[R] Diamond graphs

David Scott d.scott at auckland.ac.nz
Fri Aug 22 00:13:27 CEST 2003

On Thu, 21 Aug 2003, Baize, Harold wrote:

> Richard A. O'Keefe  <ok at cs.otago.ac.nz> wrote:
> > Someone mentioned the new "Diamond Graphs" invented at Johns Hopkins.
> > I haven't see the August 2003 issue of The American Statistician yet,
> > but I _have_ read the press release.
> Same here.
> > The fact that someone would try to patent this strikes me as outrageous;
> > the actual amount of novelty is so tiny.

Miss out a lot of stuff here

> Less expensive and more practical would be to present the data in 
> a two dimensional matrix (as proposed in the "diamond") but not 
> to use an odd shape to convey the third dimension. The third 
> dimension could be represented by hue (color) or brightness (shade). 
> I suspect that actual psychometric tests would show that color 
> or other visual representations of density would be more accurate 
> and reliable than their proposed solution which confounds area with 
> shape. 
> As a caveat, I have not read the American Statistician article.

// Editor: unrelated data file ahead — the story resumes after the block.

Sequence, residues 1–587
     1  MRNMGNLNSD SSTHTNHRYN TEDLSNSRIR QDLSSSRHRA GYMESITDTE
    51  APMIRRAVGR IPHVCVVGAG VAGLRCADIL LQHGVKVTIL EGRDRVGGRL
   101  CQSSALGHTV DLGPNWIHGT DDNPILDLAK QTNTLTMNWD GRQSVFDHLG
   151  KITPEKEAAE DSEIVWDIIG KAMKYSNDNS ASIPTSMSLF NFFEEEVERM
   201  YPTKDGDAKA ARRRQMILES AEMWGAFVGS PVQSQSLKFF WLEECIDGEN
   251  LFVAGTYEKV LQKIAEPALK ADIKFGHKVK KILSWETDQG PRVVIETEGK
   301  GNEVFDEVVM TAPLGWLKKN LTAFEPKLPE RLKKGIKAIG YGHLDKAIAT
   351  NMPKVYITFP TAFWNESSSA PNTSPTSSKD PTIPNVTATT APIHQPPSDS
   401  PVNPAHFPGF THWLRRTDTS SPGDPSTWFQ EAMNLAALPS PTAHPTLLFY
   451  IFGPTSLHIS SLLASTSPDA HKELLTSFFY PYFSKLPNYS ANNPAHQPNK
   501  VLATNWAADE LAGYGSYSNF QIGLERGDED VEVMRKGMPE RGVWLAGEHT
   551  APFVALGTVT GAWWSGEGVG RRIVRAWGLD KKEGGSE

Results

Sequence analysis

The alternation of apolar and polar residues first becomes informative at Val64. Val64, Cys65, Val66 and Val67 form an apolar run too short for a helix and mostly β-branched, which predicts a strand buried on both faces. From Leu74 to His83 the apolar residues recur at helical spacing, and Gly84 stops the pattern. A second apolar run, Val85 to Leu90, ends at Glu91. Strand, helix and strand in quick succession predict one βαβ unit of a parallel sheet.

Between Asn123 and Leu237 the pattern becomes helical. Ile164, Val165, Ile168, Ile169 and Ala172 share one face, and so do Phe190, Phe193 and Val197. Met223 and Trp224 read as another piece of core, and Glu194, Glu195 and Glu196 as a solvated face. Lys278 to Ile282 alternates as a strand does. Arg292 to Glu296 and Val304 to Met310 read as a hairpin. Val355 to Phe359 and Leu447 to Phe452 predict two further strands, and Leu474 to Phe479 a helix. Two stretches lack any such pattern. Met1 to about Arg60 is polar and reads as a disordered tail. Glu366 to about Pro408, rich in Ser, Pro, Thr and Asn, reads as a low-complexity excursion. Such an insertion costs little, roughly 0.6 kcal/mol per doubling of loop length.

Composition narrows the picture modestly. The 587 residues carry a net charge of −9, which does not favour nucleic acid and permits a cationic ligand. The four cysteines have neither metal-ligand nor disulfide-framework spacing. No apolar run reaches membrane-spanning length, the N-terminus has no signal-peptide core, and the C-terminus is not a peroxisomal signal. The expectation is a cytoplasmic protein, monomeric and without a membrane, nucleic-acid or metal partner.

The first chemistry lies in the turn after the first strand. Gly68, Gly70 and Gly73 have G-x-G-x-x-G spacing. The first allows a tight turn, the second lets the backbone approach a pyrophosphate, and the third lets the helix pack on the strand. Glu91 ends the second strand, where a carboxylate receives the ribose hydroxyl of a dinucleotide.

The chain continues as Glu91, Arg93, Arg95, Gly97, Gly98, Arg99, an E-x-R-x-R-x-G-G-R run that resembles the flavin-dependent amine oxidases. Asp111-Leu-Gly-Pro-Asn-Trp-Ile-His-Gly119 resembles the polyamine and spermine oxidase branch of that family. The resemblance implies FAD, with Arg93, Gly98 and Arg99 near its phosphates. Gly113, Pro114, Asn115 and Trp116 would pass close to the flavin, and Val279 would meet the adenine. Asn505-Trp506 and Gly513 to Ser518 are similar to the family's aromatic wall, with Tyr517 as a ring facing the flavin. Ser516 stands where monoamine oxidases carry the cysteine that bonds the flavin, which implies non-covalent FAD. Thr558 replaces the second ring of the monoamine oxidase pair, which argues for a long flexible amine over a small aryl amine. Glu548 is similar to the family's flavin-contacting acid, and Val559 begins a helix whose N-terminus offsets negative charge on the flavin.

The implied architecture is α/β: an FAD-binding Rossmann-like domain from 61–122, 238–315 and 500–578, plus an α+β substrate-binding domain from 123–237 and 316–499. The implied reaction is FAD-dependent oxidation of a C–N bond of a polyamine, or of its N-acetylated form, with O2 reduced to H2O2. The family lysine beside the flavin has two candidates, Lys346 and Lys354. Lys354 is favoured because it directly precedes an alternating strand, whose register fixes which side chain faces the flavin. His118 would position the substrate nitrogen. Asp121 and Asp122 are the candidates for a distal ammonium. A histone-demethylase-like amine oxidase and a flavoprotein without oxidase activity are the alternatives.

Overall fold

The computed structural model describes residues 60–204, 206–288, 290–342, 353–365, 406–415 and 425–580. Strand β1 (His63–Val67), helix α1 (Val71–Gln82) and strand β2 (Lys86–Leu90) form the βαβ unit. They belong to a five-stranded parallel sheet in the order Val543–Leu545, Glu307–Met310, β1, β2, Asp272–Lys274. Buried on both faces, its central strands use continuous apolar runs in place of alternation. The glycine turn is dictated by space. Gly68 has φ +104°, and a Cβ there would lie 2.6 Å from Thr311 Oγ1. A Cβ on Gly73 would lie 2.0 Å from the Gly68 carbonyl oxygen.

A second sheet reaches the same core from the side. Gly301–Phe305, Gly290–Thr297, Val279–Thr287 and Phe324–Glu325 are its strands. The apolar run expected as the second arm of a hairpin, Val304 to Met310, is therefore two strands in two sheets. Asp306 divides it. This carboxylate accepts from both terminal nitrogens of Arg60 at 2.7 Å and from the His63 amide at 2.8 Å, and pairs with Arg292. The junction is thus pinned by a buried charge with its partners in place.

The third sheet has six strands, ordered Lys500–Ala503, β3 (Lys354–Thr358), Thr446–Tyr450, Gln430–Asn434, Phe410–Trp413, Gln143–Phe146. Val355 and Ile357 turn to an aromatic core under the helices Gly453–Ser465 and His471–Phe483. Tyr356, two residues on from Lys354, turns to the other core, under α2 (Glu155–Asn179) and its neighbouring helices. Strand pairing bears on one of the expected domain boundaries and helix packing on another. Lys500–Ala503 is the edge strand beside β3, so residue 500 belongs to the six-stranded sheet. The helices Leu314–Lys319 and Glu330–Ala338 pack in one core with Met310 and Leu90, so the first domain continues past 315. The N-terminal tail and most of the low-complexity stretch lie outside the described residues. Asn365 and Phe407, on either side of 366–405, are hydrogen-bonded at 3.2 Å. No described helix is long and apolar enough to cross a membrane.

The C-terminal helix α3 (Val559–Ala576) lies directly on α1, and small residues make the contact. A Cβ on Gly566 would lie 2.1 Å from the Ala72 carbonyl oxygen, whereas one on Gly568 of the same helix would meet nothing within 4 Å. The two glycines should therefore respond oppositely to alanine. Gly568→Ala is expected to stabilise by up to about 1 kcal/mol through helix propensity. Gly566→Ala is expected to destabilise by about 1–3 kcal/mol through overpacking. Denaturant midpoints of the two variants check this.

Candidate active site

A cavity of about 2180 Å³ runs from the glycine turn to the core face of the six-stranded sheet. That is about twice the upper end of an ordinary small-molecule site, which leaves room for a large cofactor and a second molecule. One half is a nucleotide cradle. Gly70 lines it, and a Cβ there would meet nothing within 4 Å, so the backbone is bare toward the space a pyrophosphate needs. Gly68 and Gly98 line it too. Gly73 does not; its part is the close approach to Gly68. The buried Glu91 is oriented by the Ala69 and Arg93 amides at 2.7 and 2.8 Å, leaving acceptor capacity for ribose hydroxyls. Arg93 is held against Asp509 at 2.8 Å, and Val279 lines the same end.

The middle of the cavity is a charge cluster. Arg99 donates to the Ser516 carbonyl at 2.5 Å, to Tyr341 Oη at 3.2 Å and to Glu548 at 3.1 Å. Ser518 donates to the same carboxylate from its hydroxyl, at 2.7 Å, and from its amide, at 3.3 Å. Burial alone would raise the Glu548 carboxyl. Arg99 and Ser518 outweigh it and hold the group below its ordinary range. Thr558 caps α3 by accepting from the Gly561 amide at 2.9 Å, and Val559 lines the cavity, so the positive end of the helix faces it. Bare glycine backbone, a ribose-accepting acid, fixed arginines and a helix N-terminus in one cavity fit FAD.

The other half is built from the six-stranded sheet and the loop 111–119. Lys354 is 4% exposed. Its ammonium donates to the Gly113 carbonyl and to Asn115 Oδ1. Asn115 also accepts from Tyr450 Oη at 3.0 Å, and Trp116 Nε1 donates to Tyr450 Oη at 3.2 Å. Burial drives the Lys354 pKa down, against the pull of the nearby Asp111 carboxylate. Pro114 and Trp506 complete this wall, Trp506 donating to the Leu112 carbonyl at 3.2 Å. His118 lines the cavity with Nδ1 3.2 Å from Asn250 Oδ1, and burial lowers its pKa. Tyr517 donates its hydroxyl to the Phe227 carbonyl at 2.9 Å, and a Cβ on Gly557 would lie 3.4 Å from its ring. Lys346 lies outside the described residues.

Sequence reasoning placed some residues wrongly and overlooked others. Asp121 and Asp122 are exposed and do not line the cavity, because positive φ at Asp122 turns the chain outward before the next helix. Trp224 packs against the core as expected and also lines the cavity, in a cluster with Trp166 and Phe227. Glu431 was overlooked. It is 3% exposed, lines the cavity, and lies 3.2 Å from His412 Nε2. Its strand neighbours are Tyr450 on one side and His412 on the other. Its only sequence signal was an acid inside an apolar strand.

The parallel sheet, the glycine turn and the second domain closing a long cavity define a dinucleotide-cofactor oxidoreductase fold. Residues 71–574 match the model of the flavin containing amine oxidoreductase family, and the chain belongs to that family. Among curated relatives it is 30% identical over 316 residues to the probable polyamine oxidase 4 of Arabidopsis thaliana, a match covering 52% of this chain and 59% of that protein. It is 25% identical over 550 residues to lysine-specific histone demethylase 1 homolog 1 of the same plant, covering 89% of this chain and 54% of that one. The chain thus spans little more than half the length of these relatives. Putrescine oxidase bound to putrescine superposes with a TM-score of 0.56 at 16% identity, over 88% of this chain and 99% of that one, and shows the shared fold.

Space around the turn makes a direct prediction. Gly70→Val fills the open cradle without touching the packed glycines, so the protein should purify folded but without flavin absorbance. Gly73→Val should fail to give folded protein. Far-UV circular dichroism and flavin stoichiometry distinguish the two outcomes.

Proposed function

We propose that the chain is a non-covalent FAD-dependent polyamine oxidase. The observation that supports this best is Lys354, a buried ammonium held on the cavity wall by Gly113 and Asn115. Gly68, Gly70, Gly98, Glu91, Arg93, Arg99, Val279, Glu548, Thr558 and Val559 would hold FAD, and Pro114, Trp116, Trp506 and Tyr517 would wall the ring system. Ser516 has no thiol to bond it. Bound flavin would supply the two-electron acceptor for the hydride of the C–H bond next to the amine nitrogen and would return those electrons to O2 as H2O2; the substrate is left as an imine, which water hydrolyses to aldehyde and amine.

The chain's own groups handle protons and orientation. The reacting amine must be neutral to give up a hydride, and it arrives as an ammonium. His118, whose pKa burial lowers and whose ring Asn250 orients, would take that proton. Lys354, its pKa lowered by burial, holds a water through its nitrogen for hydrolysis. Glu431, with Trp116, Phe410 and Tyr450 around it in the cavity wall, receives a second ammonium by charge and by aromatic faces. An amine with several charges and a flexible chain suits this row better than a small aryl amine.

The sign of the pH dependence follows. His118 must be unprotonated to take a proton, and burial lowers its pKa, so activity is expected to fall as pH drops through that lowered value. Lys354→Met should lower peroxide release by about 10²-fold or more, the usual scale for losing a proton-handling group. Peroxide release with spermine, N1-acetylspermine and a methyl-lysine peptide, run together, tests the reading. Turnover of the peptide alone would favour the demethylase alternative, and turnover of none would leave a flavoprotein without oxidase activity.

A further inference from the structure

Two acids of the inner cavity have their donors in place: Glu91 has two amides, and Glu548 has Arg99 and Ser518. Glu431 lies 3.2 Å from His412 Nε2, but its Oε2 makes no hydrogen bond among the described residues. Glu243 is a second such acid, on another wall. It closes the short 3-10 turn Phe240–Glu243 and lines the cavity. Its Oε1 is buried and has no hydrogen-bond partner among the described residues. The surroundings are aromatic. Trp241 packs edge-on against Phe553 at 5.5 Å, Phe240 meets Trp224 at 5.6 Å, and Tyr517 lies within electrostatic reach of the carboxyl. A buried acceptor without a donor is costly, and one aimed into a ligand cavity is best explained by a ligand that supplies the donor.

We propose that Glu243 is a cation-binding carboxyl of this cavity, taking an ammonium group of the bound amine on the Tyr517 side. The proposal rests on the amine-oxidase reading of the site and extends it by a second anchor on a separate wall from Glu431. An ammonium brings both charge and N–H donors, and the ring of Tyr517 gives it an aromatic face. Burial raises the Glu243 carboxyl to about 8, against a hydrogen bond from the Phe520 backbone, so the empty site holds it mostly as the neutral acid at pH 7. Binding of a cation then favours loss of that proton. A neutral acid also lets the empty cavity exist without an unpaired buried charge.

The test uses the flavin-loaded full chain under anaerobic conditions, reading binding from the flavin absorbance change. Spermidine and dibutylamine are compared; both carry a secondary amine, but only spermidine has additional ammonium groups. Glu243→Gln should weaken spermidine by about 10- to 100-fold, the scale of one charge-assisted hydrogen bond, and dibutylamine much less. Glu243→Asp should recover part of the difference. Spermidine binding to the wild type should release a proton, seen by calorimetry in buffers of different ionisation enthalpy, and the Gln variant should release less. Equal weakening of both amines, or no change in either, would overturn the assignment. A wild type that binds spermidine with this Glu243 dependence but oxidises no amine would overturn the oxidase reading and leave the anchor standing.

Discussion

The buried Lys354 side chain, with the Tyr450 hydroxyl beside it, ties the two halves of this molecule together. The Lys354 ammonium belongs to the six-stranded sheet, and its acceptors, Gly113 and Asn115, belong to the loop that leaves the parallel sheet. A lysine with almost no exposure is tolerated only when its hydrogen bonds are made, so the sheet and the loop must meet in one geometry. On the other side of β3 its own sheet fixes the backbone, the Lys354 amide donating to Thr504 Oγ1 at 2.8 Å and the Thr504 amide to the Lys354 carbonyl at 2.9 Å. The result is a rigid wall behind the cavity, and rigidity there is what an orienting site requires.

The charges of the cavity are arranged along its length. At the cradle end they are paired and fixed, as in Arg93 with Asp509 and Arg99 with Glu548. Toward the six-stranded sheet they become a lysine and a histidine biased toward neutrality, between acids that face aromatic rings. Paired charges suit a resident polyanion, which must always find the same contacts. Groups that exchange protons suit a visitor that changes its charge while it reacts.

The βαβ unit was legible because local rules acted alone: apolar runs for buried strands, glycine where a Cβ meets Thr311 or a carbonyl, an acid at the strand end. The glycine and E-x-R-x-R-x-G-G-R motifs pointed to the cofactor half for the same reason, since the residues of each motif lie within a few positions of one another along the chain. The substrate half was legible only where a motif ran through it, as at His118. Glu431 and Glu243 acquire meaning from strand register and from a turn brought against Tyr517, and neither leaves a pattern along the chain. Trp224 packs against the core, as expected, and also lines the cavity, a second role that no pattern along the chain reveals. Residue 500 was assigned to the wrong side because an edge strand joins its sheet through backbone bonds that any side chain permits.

> I will be surprised if they present data showing that users 
> can more accurately perceive variation in the continuous variable 
> through their odd shape solution in contrast to either color or 
> shade.

Since no-one so far has replied with a reference to Cleveland, I guess I
will. Cleveland in "Elements of Graphing Data"  reports on his experiments
in graphical perception. He has examined the accuracy of decoding
information which has been graphically encoded using various approaches.
Colour hue, colour saturation and density (amount of black) are the
poorest of all the approaches he considers, and rank below area and

The bias involved in using area and volume to represent numerical 
quantities is an additional complication which I believe Richard O'Keefe 
also mentioned.

For those who are not aware of Cleveland's work, it would be fair to say 
that you see his influence (and that of others from Bell Labs) every time 
you ask R to produce a graph.

David Scott
David Scott	Department of Statistics, Tamaki Campus
		The University of Auckland, PB 92019
		Auckland	NEW ZEALAND
Phone: +64 9 373 7599 ext 86830		Fax: +64 9 373 7000
Email:	d.scott at auckland.ac.nz 

Graduate Officer, Department of Statistics

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